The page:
[QODLink]
Archive
Mauritania coup: New president named
The military council that overthrew Mauritania's president on Wednesday has named the longtime chief of national police force as the country's new leader.
Last Modified: 03 Aug 2005 22:17 GMT
The coup leaders said they would exercise power for two years
The military council that overthrew Mauritania's president on Wednesday has named the longtime chief of national police force as the country's new leader.

A statement by the coup leaders published by the state news agency said Colonel Ely Ould Mohamed Vall was "president" of the military council which toppled President Maaoya Sid'Ahmed Ould Taya.

The Military Council for Justice and Democracy had earlier announced the coup in a statement run by the state news agency.

 

"The armed forces and security forces have unanimously decided to put an end to the totalitarian practices of the deposed regime under which our people have suffered much over the last several years," the statement said.

 

The council said it would exercise power for two years to allow time to put in place democratic institutions.

 

Pledge for democracy

  

Vall, 55, had served as the national police chief since 1987. Known for being calm and tight-lipped, he was considered a close confident of Taya for more than two decades.

 

"The armed forces have unanimously decided to put an end to the totalitarian...regime under which our people have suffered much"

Military council statement 

The military statement also identified 16 other army officers who were members of the council.


It pledged to "establish favourable conditions for an open and transparent democratic system on which civil society and political players will be able to give their opinions freely". 

 

"This council pledges before the Mauritanian people to create favourable circumstances for an open and transparent democracy," it said.

 

Top establishment involved

An opposition leader and a military source said they believed the head of the presidential guard, Colonel Mohamed Ould Abdel-Aziz, was involved in the coup d'etat.

 

There were reports that some senior members of the military had been arrested but it was not possible to confirm them.

Hundreds of people took to the streets of capital Nouakchott, shouting and honking car horns in celebration after the coup announcement, witnesses said.
   
Convoys of cars with people hanging out of them shouting "praise be to God" and making victory signs paraded down one of the main sand-blanketed avenues.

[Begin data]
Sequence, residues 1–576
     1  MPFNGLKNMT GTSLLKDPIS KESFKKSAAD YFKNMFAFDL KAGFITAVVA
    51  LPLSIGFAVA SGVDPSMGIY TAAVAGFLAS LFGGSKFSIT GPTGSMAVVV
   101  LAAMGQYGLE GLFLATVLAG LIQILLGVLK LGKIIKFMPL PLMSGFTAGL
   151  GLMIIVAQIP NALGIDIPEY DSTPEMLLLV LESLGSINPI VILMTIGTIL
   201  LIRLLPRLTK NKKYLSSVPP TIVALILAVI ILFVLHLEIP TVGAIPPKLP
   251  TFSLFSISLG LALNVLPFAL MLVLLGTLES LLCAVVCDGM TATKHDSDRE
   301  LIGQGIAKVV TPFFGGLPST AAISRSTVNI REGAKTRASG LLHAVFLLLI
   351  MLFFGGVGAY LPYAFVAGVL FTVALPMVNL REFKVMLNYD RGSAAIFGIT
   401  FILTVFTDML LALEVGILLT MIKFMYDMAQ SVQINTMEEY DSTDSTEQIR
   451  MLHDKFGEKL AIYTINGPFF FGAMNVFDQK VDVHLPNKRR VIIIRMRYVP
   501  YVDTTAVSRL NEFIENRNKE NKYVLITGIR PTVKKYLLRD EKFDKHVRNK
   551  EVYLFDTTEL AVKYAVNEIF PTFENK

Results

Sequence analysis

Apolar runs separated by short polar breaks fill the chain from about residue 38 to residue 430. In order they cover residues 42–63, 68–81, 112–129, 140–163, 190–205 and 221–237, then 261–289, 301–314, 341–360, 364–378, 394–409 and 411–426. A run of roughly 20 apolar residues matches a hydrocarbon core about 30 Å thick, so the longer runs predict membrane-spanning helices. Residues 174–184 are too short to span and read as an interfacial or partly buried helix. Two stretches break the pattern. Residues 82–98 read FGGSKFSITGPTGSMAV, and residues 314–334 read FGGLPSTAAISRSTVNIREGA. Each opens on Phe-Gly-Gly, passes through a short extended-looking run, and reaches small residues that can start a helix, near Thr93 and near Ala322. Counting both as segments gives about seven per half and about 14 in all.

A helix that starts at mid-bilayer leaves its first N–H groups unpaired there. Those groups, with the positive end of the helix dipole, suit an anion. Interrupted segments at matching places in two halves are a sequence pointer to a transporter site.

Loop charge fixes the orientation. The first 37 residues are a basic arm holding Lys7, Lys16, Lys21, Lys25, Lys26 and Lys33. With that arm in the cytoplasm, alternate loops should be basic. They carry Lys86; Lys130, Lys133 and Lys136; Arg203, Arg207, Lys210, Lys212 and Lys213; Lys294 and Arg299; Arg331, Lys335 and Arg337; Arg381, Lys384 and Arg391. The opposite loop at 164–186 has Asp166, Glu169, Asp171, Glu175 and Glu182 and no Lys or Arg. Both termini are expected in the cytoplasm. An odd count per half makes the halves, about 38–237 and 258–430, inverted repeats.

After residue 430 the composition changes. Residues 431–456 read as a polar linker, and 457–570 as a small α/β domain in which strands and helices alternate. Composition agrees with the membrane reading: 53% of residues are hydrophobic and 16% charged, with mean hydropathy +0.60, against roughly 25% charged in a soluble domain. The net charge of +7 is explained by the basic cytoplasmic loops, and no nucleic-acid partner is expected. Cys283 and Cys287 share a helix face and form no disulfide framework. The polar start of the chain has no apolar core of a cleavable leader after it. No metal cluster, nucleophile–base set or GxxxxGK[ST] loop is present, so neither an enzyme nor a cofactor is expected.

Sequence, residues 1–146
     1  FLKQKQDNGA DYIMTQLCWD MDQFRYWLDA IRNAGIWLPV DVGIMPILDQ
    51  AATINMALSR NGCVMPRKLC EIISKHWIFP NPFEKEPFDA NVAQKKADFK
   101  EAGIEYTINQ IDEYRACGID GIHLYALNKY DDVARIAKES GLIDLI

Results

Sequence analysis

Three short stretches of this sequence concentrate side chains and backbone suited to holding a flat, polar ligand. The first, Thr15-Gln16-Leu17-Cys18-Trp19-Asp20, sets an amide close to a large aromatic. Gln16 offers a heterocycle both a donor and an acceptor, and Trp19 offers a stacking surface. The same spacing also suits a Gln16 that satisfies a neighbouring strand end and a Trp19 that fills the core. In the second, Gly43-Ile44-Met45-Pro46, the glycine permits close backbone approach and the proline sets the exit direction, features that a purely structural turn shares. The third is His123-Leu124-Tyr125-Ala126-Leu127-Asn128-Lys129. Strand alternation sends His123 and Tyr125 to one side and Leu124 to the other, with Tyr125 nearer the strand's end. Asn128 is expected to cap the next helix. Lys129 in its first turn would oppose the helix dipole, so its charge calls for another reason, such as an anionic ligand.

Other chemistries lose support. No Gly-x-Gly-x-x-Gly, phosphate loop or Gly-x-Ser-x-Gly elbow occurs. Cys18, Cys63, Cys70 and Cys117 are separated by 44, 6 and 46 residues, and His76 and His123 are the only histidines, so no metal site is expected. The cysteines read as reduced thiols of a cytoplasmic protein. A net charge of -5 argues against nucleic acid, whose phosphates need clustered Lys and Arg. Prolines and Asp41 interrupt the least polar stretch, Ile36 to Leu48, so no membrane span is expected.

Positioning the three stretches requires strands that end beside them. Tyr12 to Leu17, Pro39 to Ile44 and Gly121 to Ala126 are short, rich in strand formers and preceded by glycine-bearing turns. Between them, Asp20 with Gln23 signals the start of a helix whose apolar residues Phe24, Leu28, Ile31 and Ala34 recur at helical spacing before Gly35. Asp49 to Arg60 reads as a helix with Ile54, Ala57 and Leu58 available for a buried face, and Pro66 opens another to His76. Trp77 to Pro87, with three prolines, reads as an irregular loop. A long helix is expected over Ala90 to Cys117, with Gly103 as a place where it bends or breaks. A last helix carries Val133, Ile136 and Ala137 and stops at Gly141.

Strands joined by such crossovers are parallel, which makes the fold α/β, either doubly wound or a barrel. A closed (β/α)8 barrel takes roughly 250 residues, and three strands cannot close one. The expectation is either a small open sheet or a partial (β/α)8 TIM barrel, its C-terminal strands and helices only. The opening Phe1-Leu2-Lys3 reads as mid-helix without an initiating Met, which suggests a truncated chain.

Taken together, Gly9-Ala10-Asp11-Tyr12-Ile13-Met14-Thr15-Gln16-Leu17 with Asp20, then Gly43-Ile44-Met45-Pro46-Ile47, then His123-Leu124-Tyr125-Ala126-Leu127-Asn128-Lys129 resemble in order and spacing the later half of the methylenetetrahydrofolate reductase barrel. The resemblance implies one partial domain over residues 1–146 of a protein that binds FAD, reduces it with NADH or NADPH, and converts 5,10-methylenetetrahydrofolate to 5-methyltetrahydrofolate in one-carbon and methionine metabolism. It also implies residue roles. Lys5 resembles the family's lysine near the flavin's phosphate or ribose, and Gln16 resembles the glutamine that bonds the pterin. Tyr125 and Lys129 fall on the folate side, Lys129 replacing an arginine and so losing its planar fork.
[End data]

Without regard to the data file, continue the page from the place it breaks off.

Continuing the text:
Freedom from dictatorship

"There was no democracy here, there was just slavery. We have been freed from a dictatorship," said one man, Bilal, aged around 45, watching from a side street. 
   

Taya (R) was greeted by the Niger
president at Niamey airport

"It's like we've been imprisoned for decades. I'm so happy. Change is good. We've been disappointed by the regime," shouted Mohammed, in his early 20s, as he ran down the street.

Police armed with batons patrolled other parts of the city but appeared to be maintaining a low profile, while some streets around key buildings were still sealed off by soldiers, residents said.

Seizing power

Earlier on Wednesday, troops led by the presidential guard took over key buildings in Nouakchott, including the military headquarters, the state radio and television offices, the presidential palace and ministries.
  
They acted while Taya was in Saudi Arabia for the funeral of King Fahd.

He was later reported to have landed in Niamey, capital of Niger and was received by Niger's President Tandja Mamadou and government ministers.

Source:
Aljazeera + Agencies
Topics in this article
People
Featured on Al Jazeera
As Western stars re-release 1980s charity hit, many Africans say it's a demeaning relic that can do more harm than good.
At least 25 tax collectors have been killed since 2012 in Mogadishu, a city awash in weapons and abject poverty.
Tokyo government claims its homeless population has hit a record low, but analysts - and the homeless - beg to differ.
3D printers can cheaply construct homes and could soon be deployed to help victims of catastrophe rebuild their lives.
Featured
Pro-Russia leaders' election in Ukraine's east shows bloody conflict is far from a peaceful resolution.
Critics challenge Canberra's move to refuse visas for West Africans in Ebola-besieged countries.
A key issue for Hispanics is the estimated 11.3 million immigrants in the US without papers who face deportation.
In 1970, only two mosques existed in the country, but now more than 200 offer sanctuary to Japan's Muslims.
Hundreds of the country's reporters eke out a living by finding news - then burying it for a price.